Correcting the impression that-before EastEnders – she had always played to well-bred type, Susan reminds that she played “cor blimey hookers” to both Jack the Ripper and Dr Jekyll’s alter ego, Mr Hyde. Margaret, by contrast, sounds almost sophisticated -“although I intentionally let her accent slip from time to time. She breezed into Terry’s life as a client in search of a flat, but we don’t know a lot about her.
“I choose to think that her origins are probably rougher than we imagine. What I love about her is that wicked sense of humour that enables her so often to play Janine at her own game. For Margaret it’s not all about who can get the better of the deal, but about trying to sort this child out for her sake, for Terry – a very nice man who can be such an idiot at times – but above all for Janine herself.”
So will Margaret bow out with a blarney, a scam or a whimper? Susan says cryptically: “Don’t believe all you’ve been led to expect.” Might her character one day return? “Who knows?” shrugs Susan, “but the door is left wide open. And I have certainly rediscovered a taste for being on screen.”
If she and Gavin Richards, who plays the gullible Terry, are permanently parted, well that, as they say, is showbusiness. Susan is used to saying hail and farewell to leading men, among them James Mason, Michael Caine and Charles Bronson. “I’ve had some crackers,” she confides. “Denholm Elliott was a joy. I did a black-and-white television Dracula with him when I was 15 and years later I hired him for our own movie, a medieval love story called Stealing Heaven””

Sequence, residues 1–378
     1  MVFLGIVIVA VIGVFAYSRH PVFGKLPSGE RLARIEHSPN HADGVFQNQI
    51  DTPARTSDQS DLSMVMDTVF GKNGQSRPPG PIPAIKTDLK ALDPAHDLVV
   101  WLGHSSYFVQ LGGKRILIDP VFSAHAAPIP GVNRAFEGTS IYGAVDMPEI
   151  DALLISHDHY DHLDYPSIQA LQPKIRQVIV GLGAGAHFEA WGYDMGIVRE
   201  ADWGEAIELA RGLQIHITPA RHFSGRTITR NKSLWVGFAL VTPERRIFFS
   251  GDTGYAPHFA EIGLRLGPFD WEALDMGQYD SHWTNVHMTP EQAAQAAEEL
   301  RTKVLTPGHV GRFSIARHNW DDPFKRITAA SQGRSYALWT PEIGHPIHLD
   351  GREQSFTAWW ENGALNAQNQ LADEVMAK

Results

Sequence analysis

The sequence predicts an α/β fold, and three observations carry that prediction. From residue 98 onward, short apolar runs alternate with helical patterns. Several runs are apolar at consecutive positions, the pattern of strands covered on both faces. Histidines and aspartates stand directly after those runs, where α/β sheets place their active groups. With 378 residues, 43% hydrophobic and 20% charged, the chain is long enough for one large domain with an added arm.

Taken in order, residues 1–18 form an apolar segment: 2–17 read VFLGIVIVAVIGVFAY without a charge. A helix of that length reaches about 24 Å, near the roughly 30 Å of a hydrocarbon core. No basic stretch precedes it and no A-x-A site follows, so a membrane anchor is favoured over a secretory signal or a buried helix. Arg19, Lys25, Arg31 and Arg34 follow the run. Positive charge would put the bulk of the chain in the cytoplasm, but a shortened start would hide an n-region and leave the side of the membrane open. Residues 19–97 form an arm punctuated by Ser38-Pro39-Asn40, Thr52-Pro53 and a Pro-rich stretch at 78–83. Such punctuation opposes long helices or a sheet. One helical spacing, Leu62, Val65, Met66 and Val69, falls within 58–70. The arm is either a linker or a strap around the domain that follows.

Playing against Rod Steiger and Tom Conti in That Summer Of White Roses, Susan was spoiled for choice: ‘Tom is so bright intellectually and streetwise, so very charismatic. I’m surprised he never quite became the Robert Redford of our day. Rod is still amazing… a major star. If I didn’t tell you that, he would! He demanded the red carpet wherever he went, much to my annoyance when we were trying to finish our movie on a very low budget! Having said that, I adored him. He is very enigmatic and has a fantastic presence so I guess he deserves superstardom. It conies across on the screen and you pay for what you get.” As for Dustin Hoffman, her co-star in Sam Peckinpah’s controversial and violent StrawDogs, Susan recalls that “with the rocketing fame then surrounding him, Dustin was a very complex human being. He could be quite edgy and difficult, but he was also generous, genteel and at times quite hysterically funny. I met up with him again two years ago (when he received his lifetime achievement award from the American Film Institute) and found he’d really rounded out into a gentle father and was a warm, centred and very real human being.”
Susan’s own late, beloved father, Norman, lives on in her latest project. Straight from EastEnders, she began recording an album for autumn release. Do we detect echoes of Tiffany (alias Martine McCutcheon), who also made her post-EastEnders pop debut? “These are late-night listening songs, to be enjoyed with a nice glass of Margaux and a few candles,” says Susan. “There are tracks that make you happy, tracks that make you want to dance, to fell in love, to believe.” Some songs Susan (whose theme for That Summer Of White Roses won a British Film Institute award for best new composer) has written herself. And her dad remains the inspiration.